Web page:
Not only is cloud computing inexpensive to implement, but it also allows students and teachers to access information from anywhere at any time, while saving the information automatically. Cloud computing also showed that it can contribute to the development of 21st Century skills such as collaboration and communication. Many applications are now available to facilitate and store teachers’ and students’ work such as Google Classroom, Google Docs and Google Slides. As long as educators are aware and address the potential drawbacks around privacy, connectivity and reliability then the educators should be able to minimize the risks involved and students will have a positive and engaging experience. The literature seems to suggest that the benefits of cloud computing outweigh the drawbacks and therefore educators may want to consider implementing the cloud within their context. Cloud computing is “here to stay” (Lewis, 2017).  However, before educators implement it, they may want to consider the following questions. Cloud computing is still a new technology and further research could be done on the subject especially around the implementation of applications into classrooms.  When educators are considering implementing the cloud into their context they may also want to think about the learning curve of the technology for students and teachers. Is the technology hard to use for students? Is it hard for teachers to utilize? Is it taking up too much time in class? Educators may also want to consider how relevant or meaningful the technology is for the students? As well, they may want to consider why they are implementing the technology, is it to “check a box” or are the students and teachers benefiting from the use of it? The following questions may help guide teachers when thinking about implementing cloud computing and or new technology within the classroom.


Al-Zoube, M., El-Seoud, S. A., & Wyne, M. F. (2010). Cloud computing based e-learning system. International Journal of Distance Education Technologies, 8(2), 58.

Battelle for Kids. (n.d.). [Web page]. Retrieved from http://www.battelleforkids.org/networks/p21

Beaumont, K., (2018). Google Classroom: An online learning environment to support blended learning. Compass: Journal of Learning and Teaching, 11(2). https://dx.doi.org/10.21100/compass.v11i2.837

Changchit, C., (2015). Cloud Computing: Should it be Integrated into the Curriculum? International Journal of Information and Communication Technology Education, 11(2).  Retrieved from http://link.galegroup.com/apps/doc/A416501416/AONE?u=ko_acd_uoo&sid=AONE&xid=504430e2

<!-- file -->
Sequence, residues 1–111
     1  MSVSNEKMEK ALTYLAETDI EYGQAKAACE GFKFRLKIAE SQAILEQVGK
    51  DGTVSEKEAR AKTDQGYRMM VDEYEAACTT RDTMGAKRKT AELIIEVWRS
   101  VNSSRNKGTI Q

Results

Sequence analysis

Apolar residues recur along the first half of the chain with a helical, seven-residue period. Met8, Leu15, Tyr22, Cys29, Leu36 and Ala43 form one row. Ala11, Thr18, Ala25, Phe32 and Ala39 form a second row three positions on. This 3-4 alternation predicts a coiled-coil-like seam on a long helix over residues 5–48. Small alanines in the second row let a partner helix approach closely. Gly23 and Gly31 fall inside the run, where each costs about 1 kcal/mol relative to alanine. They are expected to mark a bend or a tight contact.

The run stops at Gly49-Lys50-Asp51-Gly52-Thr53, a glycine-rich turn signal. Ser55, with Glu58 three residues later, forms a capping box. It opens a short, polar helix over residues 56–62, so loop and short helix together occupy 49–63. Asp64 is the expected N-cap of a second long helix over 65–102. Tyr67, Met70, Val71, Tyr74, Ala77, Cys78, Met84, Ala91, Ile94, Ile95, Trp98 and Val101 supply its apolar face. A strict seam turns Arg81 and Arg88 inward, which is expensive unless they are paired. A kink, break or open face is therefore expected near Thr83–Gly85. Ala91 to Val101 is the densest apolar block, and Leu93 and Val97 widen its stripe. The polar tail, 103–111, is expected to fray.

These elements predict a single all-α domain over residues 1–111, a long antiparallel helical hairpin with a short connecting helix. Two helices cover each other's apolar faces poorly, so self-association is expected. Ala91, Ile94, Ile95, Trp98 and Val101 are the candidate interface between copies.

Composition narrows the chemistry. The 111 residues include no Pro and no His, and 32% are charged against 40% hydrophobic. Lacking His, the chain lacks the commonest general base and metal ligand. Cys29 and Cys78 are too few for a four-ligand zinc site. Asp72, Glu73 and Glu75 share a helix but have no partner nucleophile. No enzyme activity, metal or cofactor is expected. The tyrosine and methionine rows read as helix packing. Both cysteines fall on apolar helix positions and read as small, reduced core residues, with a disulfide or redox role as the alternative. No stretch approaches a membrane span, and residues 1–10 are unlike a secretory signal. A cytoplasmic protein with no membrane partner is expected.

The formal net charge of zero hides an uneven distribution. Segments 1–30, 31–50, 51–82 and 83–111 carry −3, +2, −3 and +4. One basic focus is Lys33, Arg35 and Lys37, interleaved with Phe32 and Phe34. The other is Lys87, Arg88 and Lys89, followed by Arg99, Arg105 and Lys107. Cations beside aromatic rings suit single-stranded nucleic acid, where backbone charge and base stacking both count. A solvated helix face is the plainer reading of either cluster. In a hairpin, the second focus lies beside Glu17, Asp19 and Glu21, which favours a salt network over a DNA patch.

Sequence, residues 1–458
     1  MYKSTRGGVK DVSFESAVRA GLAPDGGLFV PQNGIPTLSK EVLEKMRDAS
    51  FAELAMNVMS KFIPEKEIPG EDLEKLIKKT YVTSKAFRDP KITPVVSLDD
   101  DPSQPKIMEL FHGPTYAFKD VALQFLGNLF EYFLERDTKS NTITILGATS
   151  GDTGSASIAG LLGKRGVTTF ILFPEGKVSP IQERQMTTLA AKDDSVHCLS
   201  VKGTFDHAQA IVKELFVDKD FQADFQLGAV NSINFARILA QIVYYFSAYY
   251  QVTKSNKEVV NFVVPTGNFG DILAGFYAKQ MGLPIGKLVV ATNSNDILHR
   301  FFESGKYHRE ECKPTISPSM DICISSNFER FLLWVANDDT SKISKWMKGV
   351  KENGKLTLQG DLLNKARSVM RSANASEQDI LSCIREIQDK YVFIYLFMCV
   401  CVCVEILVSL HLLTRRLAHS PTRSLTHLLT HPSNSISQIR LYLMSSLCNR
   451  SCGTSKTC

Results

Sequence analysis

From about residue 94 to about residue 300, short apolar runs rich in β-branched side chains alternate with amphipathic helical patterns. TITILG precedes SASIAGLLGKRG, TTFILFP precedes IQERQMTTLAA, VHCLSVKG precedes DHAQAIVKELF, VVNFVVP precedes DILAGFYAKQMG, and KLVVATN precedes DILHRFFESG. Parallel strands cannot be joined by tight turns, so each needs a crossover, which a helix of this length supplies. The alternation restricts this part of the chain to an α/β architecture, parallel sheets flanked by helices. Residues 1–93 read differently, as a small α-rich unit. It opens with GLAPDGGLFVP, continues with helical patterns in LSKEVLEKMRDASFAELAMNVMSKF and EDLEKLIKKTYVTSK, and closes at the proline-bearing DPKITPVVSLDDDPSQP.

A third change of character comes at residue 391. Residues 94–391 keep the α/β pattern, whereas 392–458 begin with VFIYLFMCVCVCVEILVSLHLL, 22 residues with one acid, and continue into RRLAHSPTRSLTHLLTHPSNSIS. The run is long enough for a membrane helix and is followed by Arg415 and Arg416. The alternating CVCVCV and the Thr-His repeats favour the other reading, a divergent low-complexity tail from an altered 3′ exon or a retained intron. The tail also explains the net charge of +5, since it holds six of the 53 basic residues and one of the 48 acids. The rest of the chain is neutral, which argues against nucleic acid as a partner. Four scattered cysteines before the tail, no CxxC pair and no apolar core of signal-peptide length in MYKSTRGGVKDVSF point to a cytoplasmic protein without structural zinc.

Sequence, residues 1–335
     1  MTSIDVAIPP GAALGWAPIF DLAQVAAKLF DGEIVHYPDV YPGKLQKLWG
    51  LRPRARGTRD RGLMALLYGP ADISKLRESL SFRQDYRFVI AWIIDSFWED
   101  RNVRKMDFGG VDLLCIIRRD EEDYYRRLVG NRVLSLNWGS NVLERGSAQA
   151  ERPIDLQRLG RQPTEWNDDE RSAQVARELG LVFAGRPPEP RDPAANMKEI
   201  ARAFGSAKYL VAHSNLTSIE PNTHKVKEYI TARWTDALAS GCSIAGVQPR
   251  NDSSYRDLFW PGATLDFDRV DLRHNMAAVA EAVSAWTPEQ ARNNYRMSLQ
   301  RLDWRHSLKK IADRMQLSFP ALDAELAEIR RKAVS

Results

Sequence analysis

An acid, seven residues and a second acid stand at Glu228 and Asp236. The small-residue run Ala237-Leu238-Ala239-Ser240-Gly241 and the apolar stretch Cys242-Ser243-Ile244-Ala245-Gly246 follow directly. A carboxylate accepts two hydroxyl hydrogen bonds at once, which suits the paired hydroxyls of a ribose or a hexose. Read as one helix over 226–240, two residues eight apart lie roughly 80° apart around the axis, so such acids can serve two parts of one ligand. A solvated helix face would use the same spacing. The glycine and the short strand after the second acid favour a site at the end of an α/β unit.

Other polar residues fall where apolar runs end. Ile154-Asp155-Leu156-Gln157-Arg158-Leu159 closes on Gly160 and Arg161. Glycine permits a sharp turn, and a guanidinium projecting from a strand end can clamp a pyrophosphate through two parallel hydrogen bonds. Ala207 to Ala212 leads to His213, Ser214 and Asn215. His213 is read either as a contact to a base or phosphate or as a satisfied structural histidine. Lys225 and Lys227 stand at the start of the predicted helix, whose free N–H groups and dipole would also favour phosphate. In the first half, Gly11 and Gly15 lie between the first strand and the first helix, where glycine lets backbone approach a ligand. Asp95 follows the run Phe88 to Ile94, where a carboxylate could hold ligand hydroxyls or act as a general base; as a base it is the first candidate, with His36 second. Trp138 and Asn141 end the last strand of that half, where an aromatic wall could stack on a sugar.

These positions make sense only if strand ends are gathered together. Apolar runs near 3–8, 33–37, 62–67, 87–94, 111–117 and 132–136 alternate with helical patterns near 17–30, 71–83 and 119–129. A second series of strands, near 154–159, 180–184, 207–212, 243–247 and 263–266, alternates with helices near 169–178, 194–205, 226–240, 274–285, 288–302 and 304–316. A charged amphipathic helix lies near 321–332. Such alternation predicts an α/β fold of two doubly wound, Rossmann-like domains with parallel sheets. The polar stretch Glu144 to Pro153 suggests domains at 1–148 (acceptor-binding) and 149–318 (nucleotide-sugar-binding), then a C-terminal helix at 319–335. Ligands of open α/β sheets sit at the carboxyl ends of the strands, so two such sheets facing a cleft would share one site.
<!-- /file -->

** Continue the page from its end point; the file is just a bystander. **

Classroom: manage teaching and learning. (n.d.). [Software application]. Retrieved from https://edu.google.com/products/classroom/

Davis, M. R. (2017). Google Docs Fuels Shift to Collaborative Classroom Writing. Education Week. Retrieved from https://www.edweek.org/ew/articles/2017/06/14/google-docs-fuels-shift-to-collaborative-classroom.html

G Suite How it Works. (n.d.). [Web page]. Retrieved from https://gsuite.google.com/features/

Keeler, A. (2015, May 11). 50 Things You Can Do With Google Classroom. [Web log post]. Teacher Tech. Retrieved from http://www.alicekeeler.com/teachertech/2015/05/11/50-things-you-can-do-with-google-classroom/

Lewis, G. A. (2017). Cloud Computing. Computer, 50 (5), 8-9. Retrieved from https://doi.org/10.1109/MC.2017.141

Luna, W., & Sequera, J. L. C. (2015). Collaboration in the Cloud for Online Learning Environments: An Experience Applied to Laboratories. Creative Education, 06(13), 1435–1445. Retrieved from https://doi.org/10.4236/ce.2015.613144

Tan, X., & Kim, Y. (2011). Cloud Computing for Education: A Case of Using Google Docs in MBA Group Projects. 2011 International Conference on Business Computing and Global Informatization, 641–644. Retrieved from https://doi.org/10.1109/BCGIn.2011.169

Saini, L., & Kaur, H. (2017). Role of cloud computing in education system. International Journal of Advanced Research in Computer Science, 8(4). Retrieved from http://www.ijarcs.info/index.php/Ijarcs/article/view/3766



Icon for the Creative Commons Attribution 4.0 International License

Technology and the Curriculum: Summer 2019 Copyright © 2019 by Peter Vaisanen is licensed under a Creative Commons Attribution 4.0 International License, except where otherwise noted.

Share This Book